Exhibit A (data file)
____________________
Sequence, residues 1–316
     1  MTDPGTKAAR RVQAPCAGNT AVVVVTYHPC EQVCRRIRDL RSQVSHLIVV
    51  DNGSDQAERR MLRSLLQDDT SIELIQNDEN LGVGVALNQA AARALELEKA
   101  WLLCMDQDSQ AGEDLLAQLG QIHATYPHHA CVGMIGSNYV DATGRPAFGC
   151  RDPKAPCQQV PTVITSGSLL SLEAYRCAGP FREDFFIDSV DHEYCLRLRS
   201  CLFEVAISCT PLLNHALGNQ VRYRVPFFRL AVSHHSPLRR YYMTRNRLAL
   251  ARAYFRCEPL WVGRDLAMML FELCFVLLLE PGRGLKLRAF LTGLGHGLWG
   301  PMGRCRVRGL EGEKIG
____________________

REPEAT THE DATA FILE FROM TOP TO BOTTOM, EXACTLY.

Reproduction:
Sequence, residues 1–316
     1  MTDPGTKAAR RVQAPCAGNT AVVVVTYHPC EQVCRRIRDL RSQVSHLIVV
    51  DNGSDQAERR MLRSLLQDDT SIELIQNDEN LGVGVALNQA AARALELEKA
   101  WLLCMDQDSQ AGEDLLAQLG QIHATYPHHA CVGMIGSNYV DATGRPAFGC
   151  RDPKAPCQQV PTVITSGSLL SLEAYRCAGP FREDFFIDSV DHEYCLRLRS
   201  CLFEVAISCT PLLNHALGNQ VRYRVPFFRL AVSHHSPLRR YYMTRNRLAL
   251  ARAYFRCEPL WVGRDLAMML FELCFVLLLE PGRGLKLRAF LTGLGHGLWG
   301  PMGRCRVRGL EGEKIG